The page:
Carrier (NYSE:CARR) (23%, 0.83%), the heating, ventilation and air conditioning (HVAC) and security company, was also a top performer. We added to our position in Carrier when it spun out of United Technologies early last quarter, as it traded at less than half of our appraisal and a 7x trailing P/E against similar competitors that were trading at 13-17x. Carrier CEO David Gitlin and the rest of the management team have done great work in a very difficult situation to preserve cash, deleverage and position the business for a strong rebound as lockdowns eased. Carrier's share price almost doubled over a period of months, and we exited the position in the quarter as it traded through our appraisal.

Comcast (NASDAQ:CMCSA) (18%, 0.83%), the cable and entertainment company, added to the strong absolute results in the quarter. Cable delivered one of its best quarters of net subscriber additions ever and grew EBITDA 5.5%, while losses from closed small business customers have moderated during reopening from the COVID lockdown. Sky, the European TV and broadband business acquired in 2018, retained subscribers at a high rate despite the extended absence of live sports. CEO Brian Roberts stated that Sky remains on pace to double its EBITDA over the next several years. Comcast's new Peacock streaming service and Universal theme parks are ramping up revenues gradually, presenting more opportunities for Comcast to improve earnings significantly over the next several years. Despite the double-digit returns in the quarter, the company remains discounted. We were encouraged by Roberts's statement in the quarter that he was committed to repurchasing shares again in the near future.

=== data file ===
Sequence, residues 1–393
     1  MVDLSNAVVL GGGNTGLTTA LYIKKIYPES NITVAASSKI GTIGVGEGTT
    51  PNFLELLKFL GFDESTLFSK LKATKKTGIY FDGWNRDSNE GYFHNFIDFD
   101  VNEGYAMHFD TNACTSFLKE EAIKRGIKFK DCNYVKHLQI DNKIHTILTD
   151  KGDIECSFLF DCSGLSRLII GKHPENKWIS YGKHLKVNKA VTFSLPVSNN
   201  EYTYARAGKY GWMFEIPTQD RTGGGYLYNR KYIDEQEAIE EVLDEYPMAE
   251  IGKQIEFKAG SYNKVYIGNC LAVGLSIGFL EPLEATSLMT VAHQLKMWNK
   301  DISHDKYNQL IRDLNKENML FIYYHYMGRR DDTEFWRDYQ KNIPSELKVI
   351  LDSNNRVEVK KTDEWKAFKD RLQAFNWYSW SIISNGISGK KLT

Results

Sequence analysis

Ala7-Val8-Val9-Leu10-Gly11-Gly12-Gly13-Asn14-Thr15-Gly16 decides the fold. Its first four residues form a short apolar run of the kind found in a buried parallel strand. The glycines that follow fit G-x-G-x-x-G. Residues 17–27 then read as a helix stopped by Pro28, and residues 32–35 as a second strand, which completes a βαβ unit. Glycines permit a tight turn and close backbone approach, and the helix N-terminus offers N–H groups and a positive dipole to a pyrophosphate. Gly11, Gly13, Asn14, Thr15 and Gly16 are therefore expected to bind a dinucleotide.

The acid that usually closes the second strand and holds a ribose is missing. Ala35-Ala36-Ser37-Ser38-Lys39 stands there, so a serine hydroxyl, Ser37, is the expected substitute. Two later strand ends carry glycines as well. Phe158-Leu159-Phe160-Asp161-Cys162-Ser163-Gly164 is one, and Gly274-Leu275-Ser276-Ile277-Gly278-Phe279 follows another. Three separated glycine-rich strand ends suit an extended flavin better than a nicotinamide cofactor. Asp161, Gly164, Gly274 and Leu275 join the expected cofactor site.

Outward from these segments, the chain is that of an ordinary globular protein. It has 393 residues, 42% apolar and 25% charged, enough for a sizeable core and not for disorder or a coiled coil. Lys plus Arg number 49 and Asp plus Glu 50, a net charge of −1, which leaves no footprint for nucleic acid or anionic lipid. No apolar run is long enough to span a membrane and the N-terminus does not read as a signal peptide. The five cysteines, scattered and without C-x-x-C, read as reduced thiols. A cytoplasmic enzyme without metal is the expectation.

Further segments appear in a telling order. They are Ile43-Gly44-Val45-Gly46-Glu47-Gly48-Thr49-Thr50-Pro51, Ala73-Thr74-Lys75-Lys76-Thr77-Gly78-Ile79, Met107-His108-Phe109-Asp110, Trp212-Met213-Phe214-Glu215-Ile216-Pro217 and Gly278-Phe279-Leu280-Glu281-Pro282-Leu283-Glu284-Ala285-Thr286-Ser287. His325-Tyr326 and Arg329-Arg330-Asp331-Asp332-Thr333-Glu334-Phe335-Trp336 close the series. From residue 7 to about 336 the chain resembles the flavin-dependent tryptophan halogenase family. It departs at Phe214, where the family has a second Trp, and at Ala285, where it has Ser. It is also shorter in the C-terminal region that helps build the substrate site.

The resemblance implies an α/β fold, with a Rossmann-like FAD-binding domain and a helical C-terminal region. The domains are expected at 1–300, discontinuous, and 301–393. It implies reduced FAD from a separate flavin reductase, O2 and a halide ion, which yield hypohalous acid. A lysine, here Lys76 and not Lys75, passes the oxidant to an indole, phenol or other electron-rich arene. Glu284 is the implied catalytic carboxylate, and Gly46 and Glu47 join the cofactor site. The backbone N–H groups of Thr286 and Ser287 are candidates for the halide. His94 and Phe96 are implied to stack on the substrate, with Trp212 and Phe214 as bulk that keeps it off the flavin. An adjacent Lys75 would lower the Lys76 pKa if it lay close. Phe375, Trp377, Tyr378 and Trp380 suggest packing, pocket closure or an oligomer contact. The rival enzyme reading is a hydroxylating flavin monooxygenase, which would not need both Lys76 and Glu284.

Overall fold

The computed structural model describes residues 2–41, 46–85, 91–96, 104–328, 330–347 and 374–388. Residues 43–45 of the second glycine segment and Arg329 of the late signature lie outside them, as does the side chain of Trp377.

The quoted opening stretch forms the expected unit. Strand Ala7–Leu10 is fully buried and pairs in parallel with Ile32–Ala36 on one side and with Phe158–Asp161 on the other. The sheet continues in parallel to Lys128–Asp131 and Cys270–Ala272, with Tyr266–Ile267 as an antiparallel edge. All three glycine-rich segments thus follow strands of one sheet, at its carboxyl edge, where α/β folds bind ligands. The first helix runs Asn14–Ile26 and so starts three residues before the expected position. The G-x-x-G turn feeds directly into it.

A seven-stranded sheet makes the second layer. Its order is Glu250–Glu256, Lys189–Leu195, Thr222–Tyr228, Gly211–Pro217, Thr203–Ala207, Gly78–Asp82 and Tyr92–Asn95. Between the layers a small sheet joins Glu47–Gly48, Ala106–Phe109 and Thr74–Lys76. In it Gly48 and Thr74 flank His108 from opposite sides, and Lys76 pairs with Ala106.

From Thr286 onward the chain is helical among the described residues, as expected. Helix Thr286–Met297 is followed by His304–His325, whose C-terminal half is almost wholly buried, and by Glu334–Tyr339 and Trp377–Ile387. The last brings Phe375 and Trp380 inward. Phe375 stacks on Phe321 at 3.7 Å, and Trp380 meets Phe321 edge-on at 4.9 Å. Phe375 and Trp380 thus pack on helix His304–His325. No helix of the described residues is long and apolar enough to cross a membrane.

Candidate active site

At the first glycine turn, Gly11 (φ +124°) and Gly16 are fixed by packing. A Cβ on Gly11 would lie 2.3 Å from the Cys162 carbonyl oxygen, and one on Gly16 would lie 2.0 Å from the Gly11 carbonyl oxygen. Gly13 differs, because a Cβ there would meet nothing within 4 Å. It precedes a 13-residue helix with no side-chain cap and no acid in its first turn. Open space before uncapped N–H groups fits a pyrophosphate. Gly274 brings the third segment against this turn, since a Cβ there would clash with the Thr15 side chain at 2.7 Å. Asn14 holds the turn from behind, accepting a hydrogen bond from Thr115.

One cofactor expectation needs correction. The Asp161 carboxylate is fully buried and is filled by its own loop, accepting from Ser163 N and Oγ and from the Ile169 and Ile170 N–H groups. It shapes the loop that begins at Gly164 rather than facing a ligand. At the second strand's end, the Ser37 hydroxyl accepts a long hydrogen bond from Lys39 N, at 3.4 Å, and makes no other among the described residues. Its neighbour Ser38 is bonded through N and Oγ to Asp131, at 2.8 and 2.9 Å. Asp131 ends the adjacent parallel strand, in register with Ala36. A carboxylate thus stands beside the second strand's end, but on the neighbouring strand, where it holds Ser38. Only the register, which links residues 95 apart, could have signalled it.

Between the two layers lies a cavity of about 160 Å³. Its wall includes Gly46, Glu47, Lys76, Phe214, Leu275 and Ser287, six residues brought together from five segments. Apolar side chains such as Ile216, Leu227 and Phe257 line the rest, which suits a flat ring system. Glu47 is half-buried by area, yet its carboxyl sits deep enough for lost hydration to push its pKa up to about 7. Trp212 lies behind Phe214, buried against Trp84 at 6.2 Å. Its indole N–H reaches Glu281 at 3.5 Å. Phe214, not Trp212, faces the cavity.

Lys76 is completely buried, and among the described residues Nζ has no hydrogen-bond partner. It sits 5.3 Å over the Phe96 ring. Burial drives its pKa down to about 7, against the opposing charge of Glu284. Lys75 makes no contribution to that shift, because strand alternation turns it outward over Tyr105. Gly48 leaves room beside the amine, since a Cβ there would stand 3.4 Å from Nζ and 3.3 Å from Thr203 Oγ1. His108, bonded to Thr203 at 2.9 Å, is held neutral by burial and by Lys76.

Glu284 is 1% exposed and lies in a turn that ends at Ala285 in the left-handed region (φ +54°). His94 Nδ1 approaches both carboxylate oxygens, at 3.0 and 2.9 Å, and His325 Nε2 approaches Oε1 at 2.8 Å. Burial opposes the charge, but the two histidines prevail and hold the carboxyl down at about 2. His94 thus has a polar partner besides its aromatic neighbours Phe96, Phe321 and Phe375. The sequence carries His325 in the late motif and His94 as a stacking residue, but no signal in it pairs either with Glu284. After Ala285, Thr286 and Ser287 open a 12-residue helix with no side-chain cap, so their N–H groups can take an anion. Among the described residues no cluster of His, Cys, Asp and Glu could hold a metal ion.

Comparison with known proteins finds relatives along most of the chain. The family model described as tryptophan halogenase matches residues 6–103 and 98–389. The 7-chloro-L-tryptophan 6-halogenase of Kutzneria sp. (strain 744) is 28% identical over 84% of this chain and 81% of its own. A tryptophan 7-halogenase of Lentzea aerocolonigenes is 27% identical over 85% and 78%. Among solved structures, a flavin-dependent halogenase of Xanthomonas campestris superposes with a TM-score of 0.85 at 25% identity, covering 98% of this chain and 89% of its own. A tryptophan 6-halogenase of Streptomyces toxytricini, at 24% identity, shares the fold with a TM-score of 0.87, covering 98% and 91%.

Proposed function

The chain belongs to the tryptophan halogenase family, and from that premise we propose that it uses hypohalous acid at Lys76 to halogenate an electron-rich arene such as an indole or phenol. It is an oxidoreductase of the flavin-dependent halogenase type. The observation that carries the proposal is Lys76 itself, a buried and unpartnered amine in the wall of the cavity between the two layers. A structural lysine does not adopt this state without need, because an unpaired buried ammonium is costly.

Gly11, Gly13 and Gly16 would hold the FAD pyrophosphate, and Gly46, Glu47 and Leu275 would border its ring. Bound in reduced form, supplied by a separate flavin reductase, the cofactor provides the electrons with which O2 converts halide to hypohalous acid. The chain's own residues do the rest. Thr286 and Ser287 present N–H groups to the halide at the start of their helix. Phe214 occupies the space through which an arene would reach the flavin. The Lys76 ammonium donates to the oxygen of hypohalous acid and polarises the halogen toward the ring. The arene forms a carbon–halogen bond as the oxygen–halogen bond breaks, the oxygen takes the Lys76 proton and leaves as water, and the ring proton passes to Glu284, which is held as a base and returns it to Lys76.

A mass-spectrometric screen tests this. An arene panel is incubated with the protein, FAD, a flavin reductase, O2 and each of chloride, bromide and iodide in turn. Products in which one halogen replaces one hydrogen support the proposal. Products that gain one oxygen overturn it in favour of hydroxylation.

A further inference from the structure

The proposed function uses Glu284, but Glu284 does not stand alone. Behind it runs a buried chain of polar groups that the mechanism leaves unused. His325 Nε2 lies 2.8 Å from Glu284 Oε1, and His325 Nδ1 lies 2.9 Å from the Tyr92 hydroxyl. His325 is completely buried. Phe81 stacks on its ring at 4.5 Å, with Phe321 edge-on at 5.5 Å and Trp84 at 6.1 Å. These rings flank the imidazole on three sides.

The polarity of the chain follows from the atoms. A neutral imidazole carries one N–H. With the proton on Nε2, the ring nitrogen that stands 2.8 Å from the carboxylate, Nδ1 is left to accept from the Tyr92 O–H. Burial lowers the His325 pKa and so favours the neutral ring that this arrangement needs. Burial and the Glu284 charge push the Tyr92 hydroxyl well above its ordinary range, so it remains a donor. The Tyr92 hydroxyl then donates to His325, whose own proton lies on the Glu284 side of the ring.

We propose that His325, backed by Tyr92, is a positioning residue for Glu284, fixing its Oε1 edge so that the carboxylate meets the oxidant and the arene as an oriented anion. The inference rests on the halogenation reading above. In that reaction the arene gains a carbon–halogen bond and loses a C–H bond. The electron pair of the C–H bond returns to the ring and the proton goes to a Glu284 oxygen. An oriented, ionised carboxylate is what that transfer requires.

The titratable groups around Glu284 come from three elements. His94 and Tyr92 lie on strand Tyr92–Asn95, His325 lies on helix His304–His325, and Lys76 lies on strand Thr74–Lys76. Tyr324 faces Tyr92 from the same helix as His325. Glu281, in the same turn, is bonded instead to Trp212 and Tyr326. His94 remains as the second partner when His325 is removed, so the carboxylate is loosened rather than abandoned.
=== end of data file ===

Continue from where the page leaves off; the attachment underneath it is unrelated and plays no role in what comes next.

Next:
AMG (NYSE:AMG) (-8%, -0.46%), the asset management holding company, was the top detractor as the company reported net outflows for the quarter. Over 95% the net outflows came from quantitative strategies, which represent only approximately one quarter of AMG's total AUM and less than 5% of proportionate EBITDA, meaning that the majority of the company's affiliates and earning power did not shrink organically. Market appreciation helped AMG's AUM grow 6%, and our appraisal of the value increased 10% due to the higher recurring fee revenues and substantial FCF in the period. The stock trades at a 5x FCF multiple, which would suggest a permanently impaired, shrinking business. Yet AMG's alternatives managers, particularly its private equity firms, reported an encouraging $3bn of net inflows with long lock-ups. CEO Jay Horgen intelligently repurchased discounted shares at a 6% annualized pace, while borrowing 2030 bonds at a 3.3% coupon and 2060 bonds at a remarkable 4.75%. The encouraging performance from most affiliates and the extreme spread between the stock's 20% earnings yield and low cost of long-term debt suggest a substantial mispricing of the equity.